And count Zobrist, who picked up the Cubs' first hit, as one who would've kept Scherzer in the game.

"I wouldn’t have taken him the way he was pitching," Zobrist said. "He was very sharp, especially considering having not kind of having been on his normal five-day routine there. Hamstring, whatever, he didn’t show any effects of that today and he was very sharp. I just thought it was tough to take advantage of mistakes, he didn’t make a lot of them. Fortunately, with nobody on he gave me a heater I could handle and drive a little bit. In that moment, it’s just, you’ve got to believe in your guy that’s gotten you six innings the way they did. Fortunately, we were able to take advantage of it in that moment."

Managerial decisions are analyzed to death this time of year. Just look at the other side of this postseason bracket, where Yankees manager Joe Girardi has already been eviscerated for deciding not to challenge a hit by pitch. Astros manager A.J. Hinch was momentarily the subject of much online scrutiny Monday, when he put Justin Verlander into the game, only for the veteran to immediately surrender a home run.

Maddon himself is no stranger to all this noise, endlessly second-guessed for his pitching choices even after his team won the World Series. He heard that noise again, raining down on him as he removed Quintana on Monday.

The way things played out, however, Baker’s decision to lift Scherzer ended up as the more meaningful one. And, in part because of that move, the Cubs are now a game away from ending the Nationals’ season.

Why did Kris Bryant get a first-place vote in this year's National League MVP balloting?


Why did Kris Bryant get a first-place vote in this year's National League MVP balloting?

Kris Bryant was the 2016 National League MVP. And despite having what could be considered an even better campaign this past season, he finished seventh in voting for the 2017 edition of the award.

The NL MVP was awarded to Miami Marlins outfielder Giancarlo Stanton on Thursday night, a fine choice, though it was nearly impossible to make a poor choice, that's how many fantastic players there were hitting the baseball in the NL this season.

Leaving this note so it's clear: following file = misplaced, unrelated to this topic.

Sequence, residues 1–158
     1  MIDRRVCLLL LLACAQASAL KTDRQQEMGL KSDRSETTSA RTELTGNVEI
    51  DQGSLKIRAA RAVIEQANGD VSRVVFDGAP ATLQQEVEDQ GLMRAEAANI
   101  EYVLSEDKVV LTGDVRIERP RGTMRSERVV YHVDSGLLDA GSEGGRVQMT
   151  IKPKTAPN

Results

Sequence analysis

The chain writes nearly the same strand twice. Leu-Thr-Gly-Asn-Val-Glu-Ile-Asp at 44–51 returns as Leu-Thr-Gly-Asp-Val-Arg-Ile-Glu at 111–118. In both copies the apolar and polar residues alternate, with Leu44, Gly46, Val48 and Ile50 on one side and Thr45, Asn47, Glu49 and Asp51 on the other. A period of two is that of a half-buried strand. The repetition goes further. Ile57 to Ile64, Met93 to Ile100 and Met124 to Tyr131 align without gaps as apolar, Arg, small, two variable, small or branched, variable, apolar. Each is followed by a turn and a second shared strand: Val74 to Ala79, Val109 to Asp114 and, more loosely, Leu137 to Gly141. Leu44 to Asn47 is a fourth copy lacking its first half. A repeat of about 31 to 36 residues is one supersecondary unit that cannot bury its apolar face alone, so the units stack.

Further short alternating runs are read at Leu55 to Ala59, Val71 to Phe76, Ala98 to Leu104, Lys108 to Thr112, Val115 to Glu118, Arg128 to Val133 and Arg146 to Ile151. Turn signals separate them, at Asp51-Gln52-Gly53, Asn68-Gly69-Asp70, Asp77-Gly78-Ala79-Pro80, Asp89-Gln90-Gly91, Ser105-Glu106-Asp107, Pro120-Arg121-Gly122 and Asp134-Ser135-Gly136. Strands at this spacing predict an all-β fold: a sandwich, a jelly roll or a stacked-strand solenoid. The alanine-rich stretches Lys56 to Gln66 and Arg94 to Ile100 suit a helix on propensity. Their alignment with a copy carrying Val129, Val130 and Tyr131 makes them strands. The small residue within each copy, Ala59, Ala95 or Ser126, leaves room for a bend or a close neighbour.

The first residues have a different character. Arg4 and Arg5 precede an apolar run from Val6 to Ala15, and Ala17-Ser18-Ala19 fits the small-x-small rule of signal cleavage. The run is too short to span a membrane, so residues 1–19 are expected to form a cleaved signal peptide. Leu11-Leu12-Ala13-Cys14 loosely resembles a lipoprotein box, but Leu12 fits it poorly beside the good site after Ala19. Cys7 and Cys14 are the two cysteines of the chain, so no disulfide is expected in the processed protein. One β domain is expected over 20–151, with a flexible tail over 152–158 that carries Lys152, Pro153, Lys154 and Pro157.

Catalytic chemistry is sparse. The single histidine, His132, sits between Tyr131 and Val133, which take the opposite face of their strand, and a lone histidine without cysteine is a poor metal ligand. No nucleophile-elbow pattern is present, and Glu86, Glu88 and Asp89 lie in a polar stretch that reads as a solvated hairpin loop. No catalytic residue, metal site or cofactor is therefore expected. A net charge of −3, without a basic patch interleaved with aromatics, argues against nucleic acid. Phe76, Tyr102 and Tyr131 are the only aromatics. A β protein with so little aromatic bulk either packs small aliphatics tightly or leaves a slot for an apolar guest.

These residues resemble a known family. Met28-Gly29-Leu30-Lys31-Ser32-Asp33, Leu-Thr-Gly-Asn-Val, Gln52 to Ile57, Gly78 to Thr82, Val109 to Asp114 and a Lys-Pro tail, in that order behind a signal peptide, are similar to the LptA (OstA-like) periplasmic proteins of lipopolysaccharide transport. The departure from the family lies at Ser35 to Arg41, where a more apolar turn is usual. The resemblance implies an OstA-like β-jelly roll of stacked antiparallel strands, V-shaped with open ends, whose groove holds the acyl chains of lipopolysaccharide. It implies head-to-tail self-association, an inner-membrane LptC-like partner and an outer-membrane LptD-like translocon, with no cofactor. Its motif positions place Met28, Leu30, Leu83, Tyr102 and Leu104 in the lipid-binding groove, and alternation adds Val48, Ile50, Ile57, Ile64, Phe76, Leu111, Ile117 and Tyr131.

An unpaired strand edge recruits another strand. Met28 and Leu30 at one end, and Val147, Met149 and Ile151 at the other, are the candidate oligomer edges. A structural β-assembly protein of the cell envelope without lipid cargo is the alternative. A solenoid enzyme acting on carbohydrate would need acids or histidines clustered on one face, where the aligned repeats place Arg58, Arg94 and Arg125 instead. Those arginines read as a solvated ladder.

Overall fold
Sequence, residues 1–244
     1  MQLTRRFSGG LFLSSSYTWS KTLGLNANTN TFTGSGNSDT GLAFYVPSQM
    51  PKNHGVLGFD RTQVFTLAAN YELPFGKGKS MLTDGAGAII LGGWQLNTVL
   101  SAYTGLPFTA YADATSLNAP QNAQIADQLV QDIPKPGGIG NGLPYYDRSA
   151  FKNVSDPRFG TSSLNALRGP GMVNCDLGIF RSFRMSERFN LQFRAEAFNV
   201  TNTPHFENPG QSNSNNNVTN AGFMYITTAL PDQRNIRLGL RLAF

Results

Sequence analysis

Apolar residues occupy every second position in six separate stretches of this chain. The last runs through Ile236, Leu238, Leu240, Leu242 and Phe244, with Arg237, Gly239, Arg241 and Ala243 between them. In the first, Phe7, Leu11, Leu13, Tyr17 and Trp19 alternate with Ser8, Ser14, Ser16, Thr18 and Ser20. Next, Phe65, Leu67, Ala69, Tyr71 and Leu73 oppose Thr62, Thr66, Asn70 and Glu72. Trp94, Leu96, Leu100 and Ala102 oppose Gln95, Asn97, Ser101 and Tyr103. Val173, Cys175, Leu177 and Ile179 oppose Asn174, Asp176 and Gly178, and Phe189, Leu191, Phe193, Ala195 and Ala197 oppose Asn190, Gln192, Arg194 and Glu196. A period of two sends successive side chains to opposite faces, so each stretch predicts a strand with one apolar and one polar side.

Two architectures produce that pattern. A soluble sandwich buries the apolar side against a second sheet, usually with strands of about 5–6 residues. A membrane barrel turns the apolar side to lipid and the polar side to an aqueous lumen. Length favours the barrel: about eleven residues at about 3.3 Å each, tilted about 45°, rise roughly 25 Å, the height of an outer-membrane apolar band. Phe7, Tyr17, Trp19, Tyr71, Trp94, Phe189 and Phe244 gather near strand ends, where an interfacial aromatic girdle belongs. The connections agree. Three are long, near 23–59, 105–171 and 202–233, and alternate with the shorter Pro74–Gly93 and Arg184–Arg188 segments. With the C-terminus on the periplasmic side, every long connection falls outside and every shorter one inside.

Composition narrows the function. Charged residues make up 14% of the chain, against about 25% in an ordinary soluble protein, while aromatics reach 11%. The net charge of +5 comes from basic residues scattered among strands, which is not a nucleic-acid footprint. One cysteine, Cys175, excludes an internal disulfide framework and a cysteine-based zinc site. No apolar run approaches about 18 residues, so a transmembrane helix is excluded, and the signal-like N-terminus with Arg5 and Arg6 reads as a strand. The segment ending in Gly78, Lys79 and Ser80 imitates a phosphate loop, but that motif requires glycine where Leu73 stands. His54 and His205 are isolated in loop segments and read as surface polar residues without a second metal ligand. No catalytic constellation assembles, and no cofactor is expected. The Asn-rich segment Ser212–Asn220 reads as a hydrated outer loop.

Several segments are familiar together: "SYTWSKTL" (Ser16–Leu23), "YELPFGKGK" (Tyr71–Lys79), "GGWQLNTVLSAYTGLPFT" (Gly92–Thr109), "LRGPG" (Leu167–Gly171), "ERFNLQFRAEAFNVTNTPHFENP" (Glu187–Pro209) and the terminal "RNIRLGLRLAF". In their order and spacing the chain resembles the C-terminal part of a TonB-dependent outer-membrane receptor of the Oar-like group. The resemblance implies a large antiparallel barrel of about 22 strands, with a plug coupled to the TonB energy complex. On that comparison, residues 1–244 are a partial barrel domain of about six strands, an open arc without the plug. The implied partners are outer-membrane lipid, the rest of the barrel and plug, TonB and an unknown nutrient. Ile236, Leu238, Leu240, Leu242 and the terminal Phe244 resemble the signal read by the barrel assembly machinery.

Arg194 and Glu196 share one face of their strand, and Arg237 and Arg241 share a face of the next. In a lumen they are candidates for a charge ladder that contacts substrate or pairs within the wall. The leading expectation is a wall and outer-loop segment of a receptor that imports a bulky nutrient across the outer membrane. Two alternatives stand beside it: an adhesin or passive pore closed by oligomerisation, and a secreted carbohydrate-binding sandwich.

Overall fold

After Stanton, Cinicinnati Reds first baseman Joey Votto finished second, earning the same amount of first-place votes and losing out to Stanton by just one point. Then came Arizona Diamondbacks first baseman Paul Goldschmidt, Colorado Rockies third baseman Nolan Arenado, Rockies outfielder Charlie Blackmon and Washington Nationals third baseman Anthony Rendon ahead of Bryant.

But there was someone who thought Bryant deserved to repeat as the NL MVP. Yes, Bryant earned a first-place vote — as did everyone else mentioned besides Rendon, for that matter — causing a bit of a social-media stir considering the Cubs third baseman, despite his great season, perhaps wasn't as standout a candidate as some of the other guys who finished higher in the voting.

So the person who cast that first-place vote for Bryant,'s Mark Bowman, wrote up why he felt Bryant deserved to hoist the Kenesaw Mountain Landis Memorial Baseball Award for the second straight year.

"In the end, I chose Bryant because I believe he made the greatest impact, as his second-half production fueled the successful turnaround the Cubs experienced after the All-Star break," Bowman wrote.

"Though I don't believe the MVP must come from a playoff contender, in an attempt to differentiate the value provided by each of these three players (Bryant, Votto and Stanton), I chose to reward the impact made by Bryant, who produced the NL's fourth-best OPS (.968) after the All-Star break, when the Cubs distanced themselves from a sub-.500 record and produced an NL-best 49 wins."

It's easy for Cubs fans and observers to follow that logic, as the Cubs took off after the All-Star break following a disappointing first half. As good as Bryant was all season long, his second-half numbers, as Bowman pointed out, were especially great. He hit .325 with a .421 on-base percentage and a .548 slugging percentage over his final 69 games of the regular season, hitting 11 home runs, knocking out 21 doubles and driving in 35 runs during that span.